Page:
The rollout of 5G in developing markets in Southeast Asia has been abysmal, causing hype for 5G to wane and demand to shift to more practical aspects of smartphones such as as battery life, storage, processor speed and camera quality, reports Canalys.
“The demand for 5G devices has stopped. 5G devices saw their first sequential decline at 18% in overall smartphone shipments in the second quarter,” said research analyst Chiew Le Xuan.
Rising inflation has led consumers to seek more durable devices rather than less convenient qualities such as 5G.
The practical uses of 5G have yet to be seen, and are particularly useless for low-mid devices when 4G speeds are sufficient in everyday use.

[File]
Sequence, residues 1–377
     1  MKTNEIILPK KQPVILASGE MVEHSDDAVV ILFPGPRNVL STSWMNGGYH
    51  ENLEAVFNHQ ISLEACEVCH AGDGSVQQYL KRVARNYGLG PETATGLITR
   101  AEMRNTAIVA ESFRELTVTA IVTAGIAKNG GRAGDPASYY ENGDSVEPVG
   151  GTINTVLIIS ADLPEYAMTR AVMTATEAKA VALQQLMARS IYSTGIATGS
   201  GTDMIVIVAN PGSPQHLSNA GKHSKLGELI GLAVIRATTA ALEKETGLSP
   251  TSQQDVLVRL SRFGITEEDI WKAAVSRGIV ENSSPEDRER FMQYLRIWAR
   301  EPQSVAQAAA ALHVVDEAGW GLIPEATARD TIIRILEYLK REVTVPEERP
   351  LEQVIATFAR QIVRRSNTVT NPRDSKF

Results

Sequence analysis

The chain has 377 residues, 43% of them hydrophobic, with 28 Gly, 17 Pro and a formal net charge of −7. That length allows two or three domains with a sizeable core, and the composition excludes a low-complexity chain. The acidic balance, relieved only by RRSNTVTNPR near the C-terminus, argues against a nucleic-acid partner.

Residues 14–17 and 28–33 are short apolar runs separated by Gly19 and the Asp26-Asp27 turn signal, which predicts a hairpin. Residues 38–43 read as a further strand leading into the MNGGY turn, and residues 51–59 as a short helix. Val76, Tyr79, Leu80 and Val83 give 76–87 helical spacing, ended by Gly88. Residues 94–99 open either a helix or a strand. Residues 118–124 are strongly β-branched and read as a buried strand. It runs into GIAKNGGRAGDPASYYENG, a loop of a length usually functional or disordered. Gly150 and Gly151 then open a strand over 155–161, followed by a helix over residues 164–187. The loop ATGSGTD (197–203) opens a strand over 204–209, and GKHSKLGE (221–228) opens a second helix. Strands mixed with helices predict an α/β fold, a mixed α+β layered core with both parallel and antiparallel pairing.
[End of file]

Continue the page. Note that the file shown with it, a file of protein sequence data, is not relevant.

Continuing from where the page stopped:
“Maintaining device affordability while increasing profitability is the biggest challenge for vendors,” Xuan added.
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In the second quarter (Q2), Southeast Asia smartphone shipments reached 24.5 million units, down 7% from the previous quarter.
Samsung retained its leadership position, despite a 19% decline from the first quarter, due to weaker than expected demand for its mid- to high-end A-series.
Indonesia remained the largest market, with 37% market share and 9.1 million shipments, followed by the Philippines with 4.4 million shipments.
Thailand’s smartphone market fell 14% sequentially to 4 million units, and Vietnam’s smartphone market fell 32% quarter-on-quarter to 3.1 million shipments, on weaker consumer demand resulting from global uncertainties and rising commodity prices.
The Malaysian smartphone market grew by 6% to 2.4 million shipments.